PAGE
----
By Mustapha Jallow
Sheikh Omar Colley, the Imam of a mosque in Jabang-Borehole, and a
resident of Jabang village in the Kombo South District, has gone
missing after he was held at the National Intelligence Agency (NIA)
for 48 days before being transferred to the remote Janjangbureh Prisonin Central River Region (CRR), according to one of his brothers.
He said the family members have been visiting the prison where they
were told that the brother was transferred to from the NIA but were
always told by the wardens on duty that he is not held there.
“We want to know his whereabouts so that we can visit him and know his
health condition and provide some of his needs such as toiletries,
clothes, food, etc.” said the distraught brother.
He said the family is really concern about the condition in which
their husband, father and brother is being held.
He said they are calling on the authorities to help trace Imam Colley
who has disappeared after his arrest at the Old Yundum police station
and subsequent detention at the NIA.
It was reported that Imam Colley was arrested and detained at the Old
Yundum police station on Thursday, 15 October, 2015.
A close family source at Imam Colley’s home in
Jabang told this reporter that their brother was called by someone, who claimed to be
calling from Bansang police station, asking him to report to the Old
Yundum police station. He said this caller told the brother (Colley)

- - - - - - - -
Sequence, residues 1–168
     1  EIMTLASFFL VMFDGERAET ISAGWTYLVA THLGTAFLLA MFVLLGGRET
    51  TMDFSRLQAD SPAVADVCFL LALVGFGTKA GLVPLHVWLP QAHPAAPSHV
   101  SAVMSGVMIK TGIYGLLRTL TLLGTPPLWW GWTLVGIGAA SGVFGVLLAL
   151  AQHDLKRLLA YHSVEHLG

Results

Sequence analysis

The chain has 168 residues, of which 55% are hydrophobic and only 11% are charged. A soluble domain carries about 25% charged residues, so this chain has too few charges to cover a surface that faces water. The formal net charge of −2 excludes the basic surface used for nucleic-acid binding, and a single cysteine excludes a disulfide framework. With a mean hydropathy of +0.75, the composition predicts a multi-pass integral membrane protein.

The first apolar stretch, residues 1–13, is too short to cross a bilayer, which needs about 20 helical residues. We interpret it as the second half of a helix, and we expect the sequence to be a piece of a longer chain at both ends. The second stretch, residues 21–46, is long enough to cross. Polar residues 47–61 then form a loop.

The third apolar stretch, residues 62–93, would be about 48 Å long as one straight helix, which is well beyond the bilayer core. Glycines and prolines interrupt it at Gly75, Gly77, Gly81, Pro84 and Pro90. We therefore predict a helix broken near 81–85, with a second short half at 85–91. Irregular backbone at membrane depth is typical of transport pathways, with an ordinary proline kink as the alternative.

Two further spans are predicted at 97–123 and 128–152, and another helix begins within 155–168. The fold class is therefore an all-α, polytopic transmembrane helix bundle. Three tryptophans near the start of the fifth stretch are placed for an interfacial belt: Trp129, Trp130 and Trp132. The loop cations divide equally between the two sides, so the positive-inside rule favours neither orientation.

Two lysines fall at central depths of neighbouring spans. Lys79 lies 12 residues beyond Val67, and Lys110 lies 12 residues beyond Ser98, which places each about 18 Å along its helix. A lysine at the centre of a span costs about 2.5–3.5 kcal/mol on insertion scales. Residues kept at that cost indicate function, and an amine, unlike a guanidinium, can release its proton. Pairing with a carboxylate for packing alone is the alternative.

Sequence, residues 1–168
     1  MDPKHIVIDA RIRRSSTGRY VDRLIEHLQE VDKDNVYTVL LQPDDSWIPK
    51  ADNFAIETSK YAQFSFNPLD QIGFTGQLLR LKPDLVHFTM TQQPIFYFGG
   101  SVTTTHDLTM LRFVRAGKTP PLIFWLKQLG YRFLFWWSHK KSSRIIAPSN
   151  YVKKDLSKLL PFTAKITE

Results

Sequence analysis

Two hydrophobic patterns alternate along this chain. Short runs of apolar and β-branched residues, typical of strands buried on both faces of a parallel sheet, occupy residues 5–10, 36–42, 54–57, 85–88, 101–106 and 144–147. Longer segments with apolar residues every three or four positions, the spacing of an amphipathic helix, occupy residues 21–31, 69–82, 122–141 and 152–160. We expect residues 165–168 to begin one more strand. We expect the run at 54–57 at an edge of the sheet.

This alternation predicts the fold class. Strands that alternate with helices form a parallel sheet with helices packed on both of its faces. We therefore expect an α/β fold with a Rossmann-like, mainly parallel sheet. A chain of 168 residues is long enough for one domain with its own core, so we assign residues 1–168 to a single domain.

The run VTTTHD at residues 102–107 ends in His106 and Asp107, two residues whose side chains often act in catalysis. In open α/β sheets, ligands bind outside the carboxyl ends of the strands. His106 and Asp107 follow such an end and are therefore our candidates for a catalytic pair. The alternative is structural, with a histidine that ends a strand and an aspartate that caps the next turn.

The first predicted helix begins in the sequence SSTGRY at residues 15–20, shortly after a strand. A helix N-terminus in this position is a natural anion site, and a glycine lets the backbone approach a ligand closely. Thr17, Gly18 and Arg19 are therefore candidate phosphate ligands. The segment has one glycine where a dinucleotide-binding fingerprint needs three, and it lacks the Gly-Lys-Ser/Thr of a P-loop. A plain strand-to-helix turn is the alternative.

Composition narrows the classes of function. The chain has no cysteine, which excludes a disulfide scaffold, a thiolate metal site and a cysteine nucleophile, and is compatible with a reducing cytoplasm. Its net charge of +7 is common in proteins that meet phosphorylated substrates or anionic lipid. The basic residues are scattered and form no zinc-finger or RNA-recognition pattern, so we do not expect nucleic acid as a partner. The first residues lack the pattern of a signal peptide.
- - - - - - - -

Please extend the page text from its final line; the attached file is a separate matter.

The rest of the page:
to connect him through his mobile phone when he reaches the station so
that he (caller) could talk to the station officer (SO). He said this
was around the time when his brother was about to go to the mosque to
perform his ‘Maghrib’ (twilight) prayers.
The source further explained that they accompanied Mr. Colley to the
station and that while they were there, their brother called the said
caller from Bansang to talk to the police they met there and who later
asked him to hand over all his personal belongings e.g. mobile phone,
wrist watch, rosary beads, etc., and enter the cell. He said the
brother then complied with this police order.
“After our brother was put in the police cell on that Thursday night,
we then returned home to prepare to come back the next day,” said the
The close family source said when they returned to the station around
7am the next day on Friday, they were told by the police officers they
met there that their brother is no longer in their custody.
“We were confused upon hearing this news and when we further
enquired, they told us that his whereabouts are not known to them,”
added the source.
He said the brother was later traced at the NIA headquarters in Banjul
but were denied access to him.
Colley is also the ‘chef de garage’ or head of the Brikama-Basse car
park in Banjul.
His detention has now exceeded the 72 hours duration which is in contravention
of Section 19 of the second republican Constitution of the Republic of
The Gambia which states “Any person who is arrested or detained… who
is not released, shall be brought without undue delay before a court
of law and, in any event, within 72 hours.”.